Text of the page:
06 March 2023

From the Government Gazette and Media Statements (6 March 2023)



  • Published on 27 February 2023 immediately effective, the disaster management regulations were withdrawn and replaced the following day. It is not clear why. Among other things:
    • they require all institutions within the spheres of national, provincial and local government to take steps to prevent the situation from escalating, subject to the availability of funds
    • empower Cabinet ministers to issue directions on matters ‘within their mandate’
    • enable the use of emergency procurement procedures, nevertheless making ‘specific provision’ for:
      • affected accounting officers to report regularly to the Auditor-General on expenditure incurred in implementing the regulations, and
      • regular reporting to Parliament on these expenses, and
    • ‘facilitate the importation of electricity by Eskom from neighbouring countries’
  • Four media statements have been issued on the new regulations:
    • a press release from Government Communications (28 February)
    • introductory remarks from Minister in the Presidency responsible for planning, monitoring and evaluation, Mondli Gungubele, at a media briefing (3 March)
    • remarks at the briefing from Co-operative Governance and Traditional Affairs Minister Nkosazana Dlamini-Zuma (in which, among other things, she noted provisions ‘facilitating the sale of electricity generated by individuals, organs of state or private institutions to licensed distributors’), and
    • remarks at the briefing from Health Minister Joe Phaahla (in which, among other things, he noted that the regulations will enable government to exempt not only essential health services and infrastructure such as hospitals from load-shedding, but also water treatment plants).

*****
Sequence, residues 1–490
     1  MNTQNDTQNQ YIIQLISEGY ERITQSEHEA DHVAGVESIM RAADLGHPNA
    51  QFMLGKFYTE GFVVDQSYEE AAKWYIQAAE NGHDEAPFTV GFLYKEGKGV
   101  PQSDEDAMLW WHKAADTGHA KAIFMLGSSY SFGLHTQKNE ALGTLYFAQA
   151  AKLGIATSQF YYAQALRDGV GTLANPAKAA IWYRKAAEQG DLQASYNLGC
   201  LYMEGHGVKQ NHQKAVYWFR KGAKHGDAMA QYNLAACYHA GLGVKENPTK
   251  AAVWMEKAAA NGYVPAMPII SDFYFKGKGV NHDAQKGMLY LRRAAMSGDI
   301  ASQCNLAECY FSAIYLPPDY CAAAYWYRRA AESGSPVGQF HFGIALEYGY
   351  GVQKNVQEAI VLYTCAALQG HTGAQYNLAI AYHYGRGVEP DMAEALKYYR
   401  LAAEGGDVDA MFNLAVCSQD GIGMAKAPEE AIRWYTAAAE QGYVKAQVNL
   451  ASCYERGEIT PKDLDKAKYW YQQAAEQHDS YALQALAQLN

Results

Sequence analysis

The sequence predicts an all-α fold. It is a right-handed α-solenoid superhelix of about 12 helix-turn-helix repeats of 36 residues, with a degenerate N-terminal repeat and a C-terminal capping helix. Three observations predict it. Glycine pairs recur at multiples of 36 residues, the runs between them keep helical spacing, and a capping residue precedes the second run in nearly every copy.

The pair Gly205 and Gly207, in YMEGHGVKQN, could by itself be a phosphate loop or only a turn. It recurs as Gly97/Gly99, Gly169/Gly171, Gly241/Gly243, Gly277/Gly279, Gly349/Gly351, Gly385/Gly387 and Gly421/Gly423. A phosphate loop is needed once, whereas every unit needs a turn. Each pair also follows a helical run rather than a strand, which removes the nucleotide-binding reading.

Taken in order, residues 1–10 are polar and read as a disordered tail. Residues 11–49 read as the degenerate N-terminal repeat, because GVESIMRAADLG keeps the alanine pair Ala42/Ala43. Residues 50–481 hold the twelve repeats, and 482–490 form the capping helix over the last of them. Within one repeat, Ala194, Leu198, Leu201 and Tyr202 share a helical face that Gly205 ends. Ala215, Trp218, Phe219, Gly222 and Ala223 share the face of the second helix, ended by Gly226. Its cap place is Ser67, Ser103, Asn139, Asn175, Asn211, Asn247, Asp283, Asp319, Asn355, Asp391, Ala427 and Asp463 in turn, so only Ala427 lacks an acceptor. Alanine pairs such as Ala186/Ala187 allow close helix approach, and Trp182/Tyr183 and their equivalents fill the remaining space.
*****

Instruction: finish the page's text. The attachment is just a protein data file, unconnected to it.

• National Treasury has issued:
    • a media statement among other things:
      • noting government’s commitment to implementing an ‘action plan’ to address ‘all outstanding deficiencies’ in South Africa’s anti-money laundering and counterterrorism financing regime, strengthening it where necessary
      • reassuring financial sector stakeholders that none of the plan’s interventions ‘relate directly’ to the preventive measures already in place, and
      • predicting that the increased monitoring now required ‘will have (a) limited impact on financial stability and (the) cost of doing business with South Africa’, and
    • a fact sheet explaining the implications of grey listing.



  • The Department of Public Service and Administration has called for comments on draft amendments to the 2016 public service regulations. Among other things, they seek to further ‘regulate lifestyle audits’.



  • The Department of Transport has called for input on its draft national land transport strategic framework for the next five years. Once finalised, the framework will:
    • set ‘the overarching goals, vision, and objectives for each element of the transport system’, and
    • inform the development of:
      • provincial land transport frameworks
      • municipal integrated transport plans, and
      • related transport programmes and projects.



  • The Department of Agriculture, Land Reform and Rural Development has gazetted:
    •  a notice calling for input on its intention to re-align certain areas of jurisdiction in Gauteng to facilitate access to deeds registration services for ‘all citizens of the province’, and
    • adjustments to the fees payable for various services performed in terms of the Deeds Registries Act, 1937.


Prepared by Pam Saxby


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